Arnold Grobman, Chancellor Emeritus of the University of Missouri, St. Louis, was a renowned herpetologist, educator, and researcher in atomic science for the Manhattan Project. In the 1950s, Dr. Grobman was the Director of the Florida State Museum (now the Florida Museum of Natural History) in Gainesville, where he laid foundations for its development into a major university research museum.

In 1958, he became the founding director of the Biological Sciences Curriculum Study in Boulder, Colorado, a group developing secondary school biology textbooks promoting the teaching of evolution and lab fieldwork.

After a stint as dean of Rutgers College and a vice-chancellorship at the University of Illinois at Chicago, he was selected as chancellor of the University of Missouri-St. Louis, where he oversaw the addition of new schools of nursing and optometry.

Dr. Grobman published dozens of educational and scientific articles, many focusing on reptiles, and wrote several books, including Our Atomic Heritage, The Changing Classroom, and Urban State Universities. The salamander Plethodon grobmani was named after him.

Dr. Grobman was married to the former Hulda Gross, who predeceased him, and is survived by a son, Marc Grobman of Fanwood, New Jersey, and a daughter and grandson, Beth Grobman and David Burruss, of San Jose, California.

Arnold Grobman Reading___________________________

Excerpted from The BSCS Story

Young Arnold Grobman, just 13, began taking the long trolley rides from his home on the edge of Newark, N.J., to the Newark Public Library in the central part of the city. Perusing the natural history shelves, he seized upon the volumes on reptiles and amphibians, eagerly reading everything he could find.

One day he discovered that the Newark Museum was only a few doors away. He wandered in, disappointed when all he saw were paintings and decorative arts. Upon further investigation, however, he found something more interesting: a modest live-animal display in the rear corner of the first floor, containing a box turtle, a small alligator, a bull frog, and a king snake. This was more like it. A kindly lady, Frankie Culpepper, asked him if he’d like to hold the turtle so he could examine it more closely … and in that moment, a biologist was born—not to mention the future first director of BSCS, Arnold Brams Grobman.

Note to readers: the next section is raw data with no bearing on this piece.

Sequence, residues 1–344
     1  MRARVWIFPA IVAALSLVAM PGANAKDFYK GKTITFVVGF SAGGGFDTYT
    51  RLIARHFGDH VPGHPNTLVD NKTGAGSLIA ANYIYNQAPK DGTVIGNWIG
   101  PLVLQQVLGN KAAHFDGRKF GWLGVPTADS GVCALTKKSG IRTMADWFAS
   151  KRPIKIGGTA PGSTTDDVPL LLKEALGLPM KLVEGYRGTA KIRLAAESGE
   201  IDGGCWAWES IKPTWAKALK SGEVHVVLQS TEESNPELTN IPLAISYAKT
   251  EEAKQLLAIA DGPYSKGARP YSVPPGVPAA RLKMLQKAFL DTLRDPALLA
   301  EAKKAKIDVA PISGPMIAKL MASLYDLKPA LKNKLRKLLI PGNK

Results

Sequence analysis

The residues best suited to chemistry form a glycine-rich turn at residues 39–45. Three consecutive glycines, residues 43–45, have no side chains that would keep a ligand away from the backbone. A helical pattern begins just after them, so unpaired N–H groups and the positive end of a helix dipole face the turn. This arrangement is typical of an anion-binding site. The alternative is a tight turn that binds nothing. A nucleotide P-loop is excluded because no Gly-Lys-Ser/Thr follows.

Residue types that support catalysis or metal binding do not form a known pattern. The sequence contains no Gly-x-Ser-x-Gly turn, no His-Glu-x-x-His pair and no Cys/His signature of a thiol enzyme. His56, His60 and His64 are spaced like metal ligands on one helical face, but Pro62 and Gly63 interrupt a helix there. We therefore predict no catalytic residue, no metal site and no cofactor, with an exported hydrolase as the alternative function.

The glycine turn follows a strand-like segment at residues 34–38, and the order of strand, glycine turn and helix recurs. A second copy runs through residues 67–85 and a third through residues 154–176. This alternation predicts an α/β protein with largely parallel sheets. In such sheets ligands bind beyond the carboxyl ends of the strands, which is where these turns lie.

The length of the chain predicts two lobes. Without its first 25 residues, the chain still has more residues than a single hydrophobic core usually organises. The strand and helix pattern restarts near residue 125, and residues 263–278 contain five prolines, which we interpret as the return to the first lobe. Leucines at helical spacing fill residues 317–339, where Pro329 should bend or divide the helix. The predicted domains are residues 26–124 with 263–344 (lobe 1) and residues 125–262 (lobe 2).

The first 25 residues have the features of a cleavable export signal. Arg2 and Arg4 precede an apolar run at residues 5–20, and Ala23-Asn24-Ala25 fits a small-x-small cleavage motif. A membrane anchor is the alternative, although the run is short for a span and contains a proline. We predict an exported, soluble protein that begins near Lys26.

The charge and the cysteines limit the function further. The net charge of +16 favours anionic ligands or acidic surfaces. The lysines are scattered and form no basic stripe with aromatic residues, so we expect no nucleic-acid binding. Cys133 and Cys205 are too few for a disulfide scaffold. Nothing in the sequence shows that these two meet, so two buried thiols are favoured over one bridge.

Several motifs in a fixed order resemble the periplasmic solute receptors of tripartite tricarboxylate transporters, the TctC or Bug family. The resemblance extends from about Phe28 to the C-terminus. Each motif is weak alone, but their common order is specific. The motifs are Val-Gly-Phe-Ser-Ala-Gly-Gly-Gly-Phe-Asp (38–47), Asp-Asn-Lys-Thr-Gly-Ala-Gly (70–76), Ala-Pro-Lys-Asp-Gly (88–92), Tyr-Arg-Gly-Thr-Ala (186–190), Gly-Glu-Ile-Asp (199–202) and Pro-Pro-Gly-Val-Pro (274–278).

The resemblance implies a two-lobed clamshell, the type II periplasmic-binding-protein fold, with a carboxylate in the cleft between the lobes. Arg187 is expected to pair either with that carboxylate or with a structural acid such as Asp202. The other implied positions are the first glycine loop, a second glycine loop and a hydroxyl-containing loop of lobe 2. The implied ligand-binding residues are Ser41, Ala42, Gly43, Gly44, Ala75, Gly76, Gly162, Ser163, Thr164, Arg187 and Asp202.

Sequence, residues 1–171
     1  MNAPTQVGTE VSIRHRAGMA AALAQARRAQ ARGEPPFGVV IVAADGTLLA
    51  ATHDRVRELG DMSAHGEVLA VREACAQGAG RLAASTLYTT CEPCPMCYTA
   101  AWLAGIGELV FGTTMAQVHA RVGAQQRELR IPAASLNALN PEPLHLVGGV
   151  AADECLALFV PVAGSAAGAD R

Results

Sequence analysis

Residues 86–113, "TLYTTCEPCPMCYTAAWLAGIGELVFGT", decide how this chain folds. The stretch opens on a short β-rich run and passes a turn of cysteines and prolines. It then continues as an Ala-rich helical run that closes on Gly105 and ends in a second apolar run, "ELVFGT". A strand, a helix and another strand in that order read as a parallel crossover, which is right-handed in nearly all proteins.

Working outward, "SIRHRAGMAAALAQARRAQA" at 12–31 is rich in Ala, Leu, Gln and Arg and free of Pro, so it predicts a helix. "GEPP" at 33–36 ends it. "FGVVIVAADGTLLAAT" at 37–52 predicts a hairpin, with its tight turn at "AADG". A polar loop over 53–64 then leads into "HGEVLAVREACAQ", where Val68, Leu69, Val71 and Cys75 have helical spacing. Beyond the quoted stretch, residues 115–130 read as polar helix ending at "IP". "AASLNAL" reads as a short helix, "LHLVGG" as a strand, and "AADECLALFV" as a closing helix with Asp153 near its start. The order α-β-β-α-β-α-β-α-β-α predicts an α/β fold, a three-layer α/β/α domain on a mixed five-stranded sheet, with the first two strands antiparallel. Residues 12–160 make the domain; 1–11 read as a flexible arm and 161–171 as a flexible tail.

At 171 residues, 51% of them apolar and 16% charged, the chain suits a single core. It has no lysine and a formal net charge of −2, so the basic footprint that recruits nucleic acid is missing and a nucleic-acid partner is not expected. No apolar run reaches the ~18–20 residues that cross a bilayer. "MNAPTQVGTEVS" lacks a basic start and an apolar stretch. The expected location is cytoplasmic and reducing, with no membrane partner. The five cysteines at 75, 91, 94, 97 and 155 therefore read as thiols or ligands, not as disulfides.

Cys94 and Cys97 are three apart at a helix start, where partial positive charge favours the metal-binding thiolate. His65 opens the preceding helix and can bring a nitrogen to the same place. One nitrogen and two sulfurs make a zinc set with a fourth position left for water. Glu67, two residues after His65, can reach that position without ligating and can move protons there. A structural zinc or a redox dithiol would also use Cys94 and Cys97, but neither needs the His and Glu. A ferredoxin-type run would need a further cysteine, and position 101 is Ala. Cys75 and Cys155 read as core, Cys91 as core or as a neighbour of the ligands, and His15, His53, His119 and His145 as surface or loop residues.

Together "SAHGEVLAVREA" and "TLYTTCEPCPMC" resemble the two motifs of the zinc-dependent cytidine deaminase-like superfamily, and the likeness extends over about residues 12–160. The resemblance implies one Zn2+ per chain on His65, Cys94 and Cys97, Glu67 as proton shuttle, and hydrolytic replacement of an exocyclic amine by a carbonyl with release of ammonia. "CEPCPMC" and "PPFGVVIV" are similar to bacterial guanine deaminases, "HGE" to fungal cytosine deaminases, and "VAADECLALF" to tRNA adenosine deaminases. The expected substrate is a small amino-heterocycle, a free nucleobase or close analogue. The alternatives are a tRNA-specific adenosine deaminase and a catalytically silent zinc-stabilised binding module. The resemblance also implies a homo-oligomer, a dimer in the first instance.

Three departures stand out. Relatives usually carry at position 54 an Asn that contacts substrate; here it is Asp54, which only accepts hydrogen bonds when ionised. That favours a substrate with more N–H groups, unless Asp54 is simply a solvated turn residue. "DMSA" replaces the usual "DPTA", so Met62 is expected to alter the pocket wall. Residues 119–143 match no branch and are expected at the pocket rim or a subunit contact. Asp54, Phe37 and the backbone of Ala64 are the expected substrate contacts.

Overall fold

To finish the story, Grobman soon met other youngsters who had been attracted by Miss Culpepper to her junior museum section. They formed a club they called the Newark Society of Natural History and gave a public lecture on the snakes of New Jersey. “Every one of the boys in the club grew up to earn a doctoral degree in the biological sciences,” Grobman, who became a herpetologist, recalled.

The son of a jewelry designer whose income was severely reduced during the Depression, Grobman worked his way through college, earning his B.S. at the University of Michigan and his M.S. and Ph.D. at the University of Rochester, all in zoology. While in Rochester, he was “volunteered” to work on the Manhattan Project (the development of the atomic bomb). Grobman headed a lab that autopsied the offspring of male mice that had been exposed to radiation, to determine the potential genetic effects and estimate the permissible exposure level for men who worked in atomic energy plants.